BA LicAc ClinAc(China) MBAcC MRCHM
Acupuncturist & herbalist
Stephen Lee has a thriving acupuncture practice in Northampton where he has lived since qualifying as an acupuncturist in1984. His initial 3 year training was at the College of Traditional Acupuncture, Leamington Spa; this was followed by a further year's study in London. He worked in the Nanjing College of Chinese Medicine, China in 1987, before completing a 2 year course in Chinese herbal medicine in London. He has completed specialist training in the treatment of musculoskeletal problems, sports injuries and infertility
He is a member of the BAC (British Acupuncture Council) and the RCHM (Register of Chinese Herbal Medicine). He lectures on electroacupuncture for musculoskeletal problems and has published a book, the Electroacupuncture Handbook.
Acupuncture involves the insertion of very fine needles into the acupuncture points which are located along channels of energy called meridians. Each of the points on the meridians has an influence on the functioning of the particular organ, such as the liver or spleen, that the meridian is connected to. Thus relevant points are utilised to treat the dysfunction in the various organs. There are 14 meridians along which lie 366 acupuncture points. The insertion of the needles is usually painless but when the needle touches the acupuncture point a tingling, numb or ''full'' feeling is experienced, which soon passes; this feeling indicates that the point is being activated. Depending on the nature of the treatment, up to 12 needles are inserted for up to 20 minutes. Treatment may also involve warming the points using moxa, a herb that is placed on the acupuncture points and lit; its heat gently warms the point and the surrounding area.
As an immediate effect of an acupuncture treatment people often feel very relaxed. Over the following 24 hours there is usually a noticeable improvement in their symptoms accompanied by a shift in their energy levels – they may feel tired and need to rest; or alternatively, experience an increase in their energy. Acupuncture has a cumulative effect over a period of time as the body is gradually brought back to a state of balance and health; this is usually accompanied by a general sense of well-being.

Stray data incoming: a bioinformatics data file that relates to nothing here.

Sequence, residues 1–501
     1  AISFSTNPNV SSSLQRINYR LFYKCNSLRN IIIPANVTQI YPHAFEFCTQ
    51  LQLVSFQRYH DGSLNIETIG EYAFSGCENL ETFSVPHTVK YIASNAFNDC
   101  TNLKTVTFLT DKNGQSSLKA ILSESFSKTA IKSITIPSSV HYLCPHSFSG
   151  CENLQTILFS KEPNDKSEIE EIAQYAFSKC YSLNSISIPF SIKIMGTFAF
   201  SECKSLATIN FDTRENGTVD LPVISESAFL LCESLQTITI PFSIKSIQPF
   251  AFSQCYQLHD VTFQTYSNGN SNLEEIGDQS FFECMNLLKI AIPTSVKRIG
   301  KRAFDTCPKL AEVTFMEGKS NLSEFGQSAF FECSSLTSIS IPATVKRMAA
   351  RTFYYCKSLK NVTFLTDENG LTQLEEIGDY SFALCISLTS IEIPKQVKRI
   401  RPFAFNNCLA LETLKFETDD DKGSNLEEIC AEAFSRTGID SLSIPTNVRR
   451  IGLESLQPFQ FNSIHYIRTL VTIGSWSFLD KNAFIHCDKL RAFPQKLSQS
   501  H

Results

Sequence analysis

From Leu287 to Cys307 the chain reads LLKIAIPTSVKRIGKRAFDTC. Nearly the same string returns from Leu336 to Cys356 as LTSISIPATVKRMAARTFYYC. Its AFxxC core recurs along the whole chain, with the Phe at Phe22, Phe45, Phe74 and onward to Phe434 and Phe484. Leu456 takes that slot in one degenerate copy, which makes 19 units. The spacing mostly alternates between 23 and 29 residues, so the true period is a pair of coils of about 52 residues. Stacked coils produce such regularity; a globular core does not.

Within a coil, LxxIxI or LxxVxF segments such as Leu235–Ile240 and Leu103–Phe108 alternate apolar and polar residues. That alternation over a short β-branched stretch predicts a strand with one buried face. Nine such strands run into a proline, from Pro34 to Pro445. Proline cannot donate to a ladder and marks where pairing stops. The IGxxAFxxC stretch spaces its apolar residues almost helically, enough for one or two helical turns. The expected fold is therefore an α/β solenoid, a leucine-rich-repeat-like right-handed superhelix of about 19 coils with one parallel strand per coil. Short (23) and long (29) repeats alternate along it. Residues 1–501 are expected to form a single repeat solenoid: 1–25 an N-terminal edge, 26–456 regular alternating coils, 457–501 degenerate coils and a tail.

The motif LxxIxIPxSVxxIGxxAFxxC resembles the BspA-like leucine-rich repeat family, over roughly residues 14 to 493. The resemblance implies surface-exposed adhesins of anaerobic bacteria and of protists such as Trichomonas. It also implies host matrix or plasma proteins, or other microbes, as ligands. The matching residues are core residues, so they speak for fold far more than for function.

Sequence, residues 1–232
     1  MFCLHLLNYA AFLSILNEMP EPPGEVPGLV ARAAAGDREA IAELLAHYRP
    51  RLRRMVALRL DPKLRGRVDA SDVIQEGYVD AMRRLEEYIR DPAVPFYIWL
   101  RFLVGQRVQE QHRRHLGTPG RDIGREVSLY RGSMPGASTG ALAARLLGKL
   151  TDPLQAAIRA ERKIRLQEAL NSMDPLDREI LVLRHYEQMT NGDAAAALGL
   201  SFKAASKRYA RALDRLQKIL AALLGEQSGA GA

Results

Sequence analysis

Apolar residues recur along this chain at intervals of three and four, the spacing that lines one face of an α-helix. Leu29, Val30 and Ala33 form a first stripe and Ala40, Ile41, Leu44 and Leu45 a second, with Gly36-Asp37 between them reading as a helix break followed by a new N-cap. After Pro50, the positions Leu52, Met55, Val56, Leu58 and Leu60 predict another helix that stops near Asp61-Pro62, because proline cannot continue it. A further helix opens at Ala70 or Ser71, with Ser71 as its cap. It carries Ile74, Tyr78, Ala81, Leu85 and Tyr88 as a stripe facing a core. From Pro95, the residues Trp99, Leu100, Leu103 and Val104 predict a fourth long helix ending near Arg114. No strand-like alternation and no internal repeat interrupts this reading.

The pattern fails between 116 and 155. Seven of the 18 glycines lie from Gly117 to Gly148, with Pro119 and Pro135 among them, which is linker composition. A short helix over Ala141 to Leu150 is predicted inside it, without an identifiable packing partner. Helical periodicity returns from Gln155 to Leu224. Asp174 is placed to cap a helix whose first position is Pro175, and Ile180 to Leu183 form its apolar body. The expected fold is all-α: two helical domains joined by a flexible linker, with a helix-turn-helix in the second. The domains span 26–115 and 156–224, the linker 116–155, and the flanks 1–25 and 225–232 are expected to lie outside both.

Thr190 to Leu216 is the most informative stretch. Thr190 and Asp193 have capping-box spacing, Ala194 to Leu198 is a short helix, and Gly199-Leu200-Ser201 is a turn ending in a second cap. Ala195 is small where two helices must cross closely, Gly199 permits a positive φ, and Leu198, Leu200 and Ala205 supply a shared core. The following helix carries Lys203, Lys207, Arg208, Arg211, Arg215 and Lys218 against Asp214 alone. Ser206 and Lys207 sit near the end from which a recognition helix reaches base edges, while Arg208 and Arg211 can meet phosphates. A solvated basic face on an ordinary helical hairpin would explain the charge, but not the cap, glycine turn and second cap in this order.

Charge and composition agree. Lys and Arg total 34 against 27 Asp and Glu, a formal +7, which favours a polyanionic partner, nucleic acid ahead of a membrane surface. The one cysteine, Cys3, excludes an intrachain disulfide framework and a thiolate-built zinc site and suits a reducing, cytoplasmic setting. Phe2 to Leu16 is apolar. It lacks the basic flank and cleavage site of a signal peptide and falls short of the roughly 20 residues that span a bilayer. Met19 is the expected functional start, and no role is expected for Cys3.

Acupuncture is an extremely safe system of treatment with occasional mild side effects that quickly pass. At Abington Park Clinic in Northampton we use single-use pre-packed sterilised disposable needles.
Chinese herbal medicine
Chinese herbal medicine works in a similar way to acupuncture, by strengthening and balancing the functions of the organs of the body. It utilises hundreds of different medicinal substances such as the bark, berries, leaves, roots, seeds and twigs of plants and trees as well as some animal products. Animal products are not used in the UK as they are illegal here. Chinese herbalists use over 200 herbs from which to make their formulas. Herbs are combined according to one of 600 classical prescriptions, all of which can be modified to suit the specific needs of the individual.
A herbal prescription may contain up to 16 or more different herbs; each herb has a specific action in treating the complicated patterns of disharmony in the body. As a patient improves in health the prescription is modified accordingly. Initially a prescription contains several herbs to address the symptoms of an illness, with fewer herbs to treat the underlying constitutional cause. As symptoms improve, the herbs treating the underlying cause are increased, while herbs treating the symptoms are decreased. It is important for the practitioner to ascertain the subtle changes in a patient’s well-being in order to make the necessary modifications to a prescription.
Traditionally Chinese herbs are boiled and then taken as a drink. Nowadays the herbs are processed into concentrated granules which are combined into formulas which dissolve easily in warm water. If a patient has a problem drinking the herbs, they can be put into capsules and swallowed.